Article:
On average, men die six years earlier than women, largely for preventable reasons, and Bruce Haughey, MD, an otolaryngologist with the AdventHealth Cancer Institute, sees the male mindset of putting it off often.
Dr. Haughey says he frequently hears excuses like, “This isn’t really very big. I can still function with this, I’m at work, I’m eating, everything’s going OK. Why would I have to subject myself to a surgical procedure?”
Dr. Haughey says one of his patients, WFTV news anchor Greg Warmoth, is an example of what men should do as part of raising awareness for men’s health issues. According to the Movember Foundation, men are 24% less likely than women to have visited a doctor within the past year.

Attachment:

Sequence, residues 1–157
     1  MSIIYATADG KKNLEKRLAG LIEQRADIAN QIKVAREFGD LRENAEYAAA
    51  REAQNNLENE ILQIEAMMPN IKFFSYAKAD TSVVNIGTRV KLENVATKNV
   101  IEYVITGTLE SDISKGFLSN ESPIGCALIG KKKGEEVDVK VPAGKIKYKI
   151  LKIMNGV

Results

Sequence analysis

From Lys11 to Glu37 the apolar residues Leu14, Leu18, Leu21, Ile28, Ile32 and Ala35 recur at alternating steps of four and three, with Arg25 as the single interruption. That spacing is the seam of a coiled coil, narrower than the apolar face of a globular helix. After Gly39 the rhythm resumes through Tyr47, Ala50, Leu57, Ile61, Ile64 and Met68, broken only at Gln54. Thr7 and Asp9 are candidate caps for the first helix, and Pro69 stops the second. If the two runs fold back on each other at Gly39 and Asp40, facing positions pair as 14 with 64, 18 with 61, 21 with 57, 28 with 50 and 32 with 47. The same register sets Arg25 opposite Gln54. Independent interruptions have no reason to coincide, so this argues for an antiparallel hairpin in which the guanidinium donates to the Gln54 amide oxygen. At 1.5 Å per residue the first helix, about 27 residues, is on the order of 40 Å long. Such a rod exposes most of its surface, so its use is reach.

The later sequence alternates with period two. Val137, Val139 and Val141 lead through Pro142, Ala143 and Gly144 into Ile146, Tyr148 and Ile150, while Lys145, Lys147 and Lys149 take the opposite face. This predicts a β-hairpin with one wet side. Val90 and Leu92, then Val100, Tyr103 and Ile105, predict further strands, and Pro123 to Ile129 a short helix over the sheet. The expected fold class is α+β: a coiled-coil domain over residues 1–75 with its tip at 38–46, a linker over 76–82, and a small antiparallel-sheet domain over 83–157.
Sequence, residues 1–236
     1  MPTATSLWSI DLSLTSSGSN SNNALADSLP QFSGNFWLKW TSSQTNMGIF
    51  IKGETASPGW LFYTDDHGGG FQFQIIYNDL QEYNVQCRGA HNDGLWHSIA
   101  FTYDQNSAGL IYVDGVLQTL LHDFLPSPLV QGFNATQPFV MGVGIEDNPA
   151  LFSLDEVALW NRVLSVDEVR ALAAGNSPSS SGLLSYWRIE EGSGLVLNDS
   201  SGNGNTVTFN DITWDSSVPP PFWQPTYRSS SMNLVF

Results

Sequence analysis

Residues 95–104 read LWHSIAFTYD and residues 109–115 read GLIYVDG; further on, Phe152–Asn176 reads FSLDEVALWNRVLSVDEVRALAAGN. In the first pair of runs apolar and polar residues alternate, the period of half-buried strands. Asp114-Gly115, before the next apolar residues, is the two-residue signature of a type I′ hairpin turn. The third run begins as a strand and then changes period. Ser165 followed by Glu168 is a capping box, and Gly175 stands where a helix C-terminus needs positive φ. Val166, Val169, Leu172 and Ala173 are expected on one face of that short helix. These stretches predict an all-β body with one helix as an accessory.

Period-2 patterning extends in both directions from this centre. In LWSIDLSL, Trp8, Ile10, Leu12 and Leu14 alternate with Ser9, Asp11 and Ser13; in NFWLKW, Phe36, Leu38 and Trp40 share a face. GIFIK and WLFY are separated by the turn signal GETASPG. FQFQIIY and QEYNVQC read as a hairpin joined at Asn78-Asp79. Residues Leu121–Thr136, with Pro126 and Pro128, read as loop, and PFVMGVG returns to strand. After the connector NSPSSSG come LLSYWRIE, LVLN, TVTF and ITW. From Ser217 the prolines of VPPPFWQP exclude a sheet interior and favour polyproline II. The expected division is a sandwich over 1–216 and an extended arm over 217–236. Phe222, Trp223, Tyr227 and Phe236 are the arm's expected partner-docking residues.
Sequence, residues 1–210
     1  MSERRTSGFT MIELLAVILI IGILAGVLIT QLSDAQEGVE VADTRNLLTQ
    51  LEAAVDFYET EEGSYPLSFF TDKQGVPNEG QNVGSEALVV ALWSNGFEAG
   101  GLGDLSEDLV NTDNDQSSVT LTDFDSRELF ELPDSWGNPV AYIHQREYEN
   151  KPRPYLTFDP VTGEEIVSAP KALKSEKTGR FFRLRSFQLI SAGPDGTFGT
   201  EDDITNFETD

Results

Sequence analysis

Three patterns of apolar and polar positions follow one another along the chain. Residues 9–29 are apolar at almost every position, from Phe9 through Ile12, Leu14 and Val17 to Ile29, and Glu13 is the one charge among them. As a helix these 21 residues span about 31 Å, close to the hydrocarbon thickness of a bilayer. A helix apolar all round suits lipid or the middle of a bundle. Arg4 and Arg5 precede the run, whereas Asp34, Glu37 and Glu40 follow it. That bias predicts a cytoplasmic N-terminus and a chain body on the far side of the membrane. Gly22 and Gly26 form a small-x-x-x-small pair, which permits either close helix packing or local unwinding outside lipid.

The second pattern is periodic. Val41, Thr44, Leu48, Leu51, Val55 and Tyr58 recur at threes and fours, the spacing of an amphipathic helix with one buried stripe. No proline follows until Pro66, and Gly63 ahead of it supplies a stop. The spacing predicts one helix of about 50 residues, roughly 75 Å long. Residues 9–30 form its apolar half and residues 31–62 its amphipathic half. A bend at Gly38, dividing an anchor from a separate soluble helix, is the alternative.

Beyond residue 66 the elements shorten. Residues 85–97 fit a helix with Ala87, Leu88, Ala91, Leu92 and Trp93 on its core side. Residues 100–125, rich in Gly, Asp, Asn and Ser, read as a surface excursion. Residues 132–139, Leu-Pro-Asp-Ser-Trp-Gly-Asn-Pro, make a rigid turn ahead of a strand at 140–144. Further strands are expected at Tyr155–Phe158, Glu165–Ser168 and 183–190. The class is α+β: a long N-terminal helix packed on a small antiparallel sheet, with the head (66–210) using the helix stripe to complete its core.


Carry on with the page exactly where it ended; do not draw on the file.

Whether it’s fear or just finding the time, Warmoth recently shared in his Men's Health Awareness Month story that men typically don’t do a good job of getting screened.
“Doing nothing is one of the major enemies of effective medical care because when someone has a malignant diagnosis like Warmoth had, the best thing the medical profession can offer is early treatment,” said Dr. Haughey.
In a follow up story, Dr. Haughey went on to say that if Warmoth hadn’t caught his lip cancer early, it could have killed him.
“Yes, in the ultimate, it could have, because when they get very large in this location, they then spread to the region, such as the lymph nodes in the neck, and then it spread potentially to the rest of the body,” Haughey said.
Dr. Haughey and Warmoth hope Warmoth's story is a lesson for all men: Get screened early because doing nothing is not an option.